VOLUSIA COUNTY, Fla. – Sea turtle nesting begins May 1 and spans several months and during that time hundreds of baby sea turtles will emerge from the sand and make their trek to the water, but they need your help to survive.
The journey from egg to ocean is long and treacherous for the shell-covered creatures. Aside from dodging predators, they also have to deal with man-made obstacles that can often lead them straight into harm's way.
Between 40,000 to 84,000 nests, each with up to 120 eggs, are laid along the Sunshine State's coast each year, but only an estimated 1,000 to 10,000 of those hatchlings will make it safely to sexual maturity.
That's why Volusia County officials are asking for the public's help in keeping the sea turtles safe this nesting season, which runs through Oct. 31.
Jennifer Winters, Volusia County's sea turtle Habitat Conservation Plan program manager, urges anyone who lives near the water to "let the night provide the light."
“Artificial lighting is a human-made threat we can correct with minimal effort,” Winters said. “Bright lights can prevent females from nesting, and they can confuse hatchlings – leading them away from the ocean and into the streets or storm drains. By simply redirecting lights away from the beach and turning them off when not in use, beachfront residents can help sea turtles survive.”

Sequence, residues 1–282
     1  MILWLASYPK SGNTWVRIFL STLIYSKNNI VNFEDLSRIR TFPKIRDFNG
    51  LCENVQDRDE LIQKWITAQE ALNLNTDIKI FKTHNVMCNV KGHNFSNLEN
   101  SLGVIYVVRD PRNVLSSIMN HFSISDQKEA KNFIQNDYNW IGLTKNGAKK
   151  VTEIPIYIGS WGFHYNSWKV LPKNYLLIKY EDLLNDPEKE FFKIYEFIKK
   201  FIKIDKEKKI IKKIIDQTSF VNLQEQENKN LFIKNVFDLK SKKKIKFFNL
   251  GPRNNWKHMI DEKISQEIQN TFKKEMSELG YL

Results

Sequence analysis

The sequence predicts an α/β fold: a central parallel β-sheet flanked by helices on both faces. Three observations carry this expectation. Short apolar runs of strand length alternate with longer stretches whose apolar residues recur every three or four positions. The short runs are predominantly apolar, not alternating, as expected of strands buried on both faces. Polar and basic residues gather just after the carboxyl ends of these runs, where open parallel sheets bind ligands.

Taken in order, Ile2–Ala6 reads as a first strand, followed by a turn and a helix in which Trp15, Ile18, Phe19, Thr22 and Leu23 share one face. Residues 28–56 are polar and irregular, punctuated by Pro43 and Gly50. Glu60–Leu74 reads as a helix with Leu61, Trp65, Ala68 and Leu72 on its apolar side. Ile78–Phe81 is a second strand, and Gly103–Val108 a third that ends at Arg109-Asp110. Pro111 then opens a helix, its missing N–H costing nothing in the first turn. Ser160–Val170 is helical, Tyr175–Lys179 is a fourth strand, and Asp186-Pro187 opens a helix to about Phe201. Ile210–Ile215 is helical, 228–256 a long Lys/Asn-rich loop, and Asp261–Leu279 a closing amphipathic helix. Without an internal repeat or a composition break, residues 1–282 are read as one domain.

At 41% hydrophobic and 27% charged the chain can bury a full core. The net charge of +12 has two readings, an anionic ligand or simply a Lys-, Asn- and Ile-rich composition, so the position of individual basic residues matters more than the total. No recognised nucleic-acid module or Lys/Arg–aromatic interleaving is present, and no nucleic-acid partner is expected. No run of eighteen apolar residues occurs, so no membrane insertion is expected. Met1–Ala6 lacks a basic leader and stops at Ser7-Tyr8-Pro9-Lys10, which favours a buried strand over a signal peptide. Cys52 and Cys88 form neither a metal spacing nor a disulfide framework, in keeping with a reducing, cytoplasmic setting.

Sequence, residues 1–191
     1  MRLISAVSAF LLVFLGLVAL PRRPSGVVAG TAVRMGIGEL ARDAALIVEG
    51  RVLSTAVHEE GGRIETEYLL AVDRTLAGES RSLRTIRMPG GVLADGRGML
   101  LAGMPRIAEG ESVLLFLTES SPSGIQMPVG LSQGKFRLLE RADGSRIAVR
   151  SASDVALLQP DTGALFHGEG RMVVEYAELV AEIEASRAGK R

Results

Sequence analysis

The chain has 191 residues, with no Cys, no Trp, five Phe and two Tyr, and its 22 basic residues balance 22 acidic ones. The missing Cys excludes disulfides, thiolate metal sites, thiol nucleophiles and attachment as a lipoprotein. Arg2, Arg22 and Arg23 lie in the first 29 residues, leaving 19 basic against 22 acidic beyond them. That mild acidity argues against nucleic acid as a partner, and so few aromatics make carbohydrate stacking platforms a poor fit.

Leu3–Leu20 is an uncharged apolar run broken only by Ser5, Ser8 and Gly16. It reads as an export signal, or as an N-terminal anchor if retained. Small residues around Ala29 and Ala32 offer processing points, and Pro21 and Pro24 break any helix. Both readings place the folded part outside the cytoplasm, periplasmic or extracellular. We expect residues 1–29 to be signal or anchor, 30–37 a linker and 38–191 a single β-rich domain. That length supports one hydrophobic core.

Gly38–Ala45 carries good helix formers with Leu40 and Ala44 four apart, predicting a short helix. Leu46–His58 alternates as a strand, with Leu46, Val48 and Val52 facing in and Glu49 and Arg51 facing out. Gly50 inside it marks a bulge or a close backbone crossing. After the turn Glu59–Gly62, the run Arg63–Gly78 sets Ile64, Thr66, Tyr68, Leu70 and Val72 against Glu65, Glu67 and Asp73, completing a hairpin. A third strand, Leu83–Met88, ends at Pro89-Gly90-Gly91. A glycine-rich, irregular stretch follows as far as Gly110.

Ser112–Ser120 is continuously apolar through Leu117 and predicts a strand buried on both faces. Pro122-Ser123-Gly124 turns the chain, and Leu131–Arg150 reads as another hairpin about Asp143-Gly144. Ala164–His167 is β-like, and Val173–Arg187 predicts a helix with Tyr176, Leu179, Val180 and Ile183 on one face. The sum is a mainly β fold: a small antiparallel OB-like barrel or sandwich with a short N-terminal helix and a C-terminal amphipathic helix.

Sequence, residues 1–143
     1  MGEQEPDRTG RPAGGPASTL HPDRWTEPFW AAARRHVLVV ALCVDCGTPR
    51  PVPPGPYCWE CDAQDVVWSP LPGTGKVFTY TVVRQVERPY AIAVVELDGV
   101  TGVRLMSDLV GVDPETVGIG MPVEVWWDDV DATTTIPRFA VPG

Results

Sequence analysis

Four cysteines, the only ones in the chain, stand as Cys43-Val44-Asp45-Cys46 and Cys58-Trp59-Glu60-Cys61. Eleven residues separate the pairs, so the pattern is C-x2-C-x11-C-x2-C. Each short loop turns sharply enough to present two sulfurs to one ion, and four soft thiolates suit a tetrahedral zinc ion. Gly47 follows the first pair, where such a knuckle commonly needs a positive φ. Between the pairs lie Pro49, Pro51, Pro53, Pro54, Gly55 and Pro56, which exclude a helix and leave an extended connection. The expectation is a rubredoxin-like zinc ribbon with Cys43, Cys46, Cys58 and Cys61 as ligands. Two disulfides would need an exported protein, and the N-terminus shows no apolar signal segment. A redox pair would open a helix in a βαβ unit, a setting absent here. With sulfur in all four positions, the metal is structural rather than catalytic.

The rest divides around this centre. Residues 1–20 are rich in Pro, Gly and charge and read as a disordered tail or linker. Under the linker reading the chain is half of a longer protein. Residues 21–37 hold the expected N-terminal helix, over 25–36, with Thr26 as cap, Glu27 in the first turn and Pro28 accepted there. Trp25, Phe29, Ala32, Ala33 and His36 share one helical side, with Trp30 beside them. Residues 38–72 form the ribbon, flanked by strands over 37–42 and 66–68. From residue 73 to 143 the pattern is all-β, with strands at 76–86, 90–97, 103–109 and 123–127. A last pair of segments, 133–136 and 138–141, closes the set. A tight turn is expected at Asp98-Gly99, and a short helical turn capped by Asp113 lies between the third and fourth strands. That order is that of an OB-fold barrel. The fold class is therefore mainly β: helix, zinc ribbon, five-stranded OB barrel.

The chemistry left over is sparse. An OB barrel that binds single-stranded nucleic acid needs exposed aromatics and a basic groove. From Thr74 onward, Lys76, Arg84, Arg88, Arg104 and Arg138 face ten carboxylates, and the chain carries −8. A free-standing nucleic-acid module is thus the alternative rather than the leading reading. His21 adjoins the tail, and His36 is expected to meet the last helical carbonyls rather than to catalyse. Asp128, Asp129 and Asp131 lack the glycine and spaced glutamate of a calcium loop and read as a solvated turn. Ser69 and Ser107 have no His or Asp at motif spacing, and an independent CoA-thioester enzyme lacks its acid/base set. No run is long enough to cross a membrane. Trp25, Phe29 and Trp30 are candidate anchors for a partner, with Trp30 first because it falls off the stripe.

Aside from lights, officials offered a slew of other tips locals are asked to abide by. Check them out below:
- Do not touch or disturb sea turtles or their nests. It is important that hatchlings make their own way to the ocean.
- Do not disturb the dune system or plants. Use designated beach access points and do not walk on the dunes.
- When driving at the beach, use the designated traffic lanes and parking areas. Beach driving access hours are from 8 a.m. to 7 p.m. throughout the season, tide permitting.
- Do not use flash photography or cellphones to light your way at night.
- Use only red LED flashlights; they are less visible to turtles.
- After a day at the beach, flatten sandcastles, fill in holes and take your chairs and equipment with you. This is an easy way you can help lessen obstacles encountered by turtles.
- Dispose of trash and recyclables in proper receptacles. Trash left on the beach can attract predators.
- Do not use fireworks. They are prohibited on the beach at all times and are disruptive to the turtles.
Anyone who sees a sea turtle nesting or hatchlings heading to the ocean is asked to keep a safe distance, remain calm and quiet and not interfere with the process. If a sea turtle appears to be in danger, alert a lifeguard or call Florida Fish and Wildlife Conservation Commission at 888-404-3922.
More information about Volusia County's sea turtle program can be found here.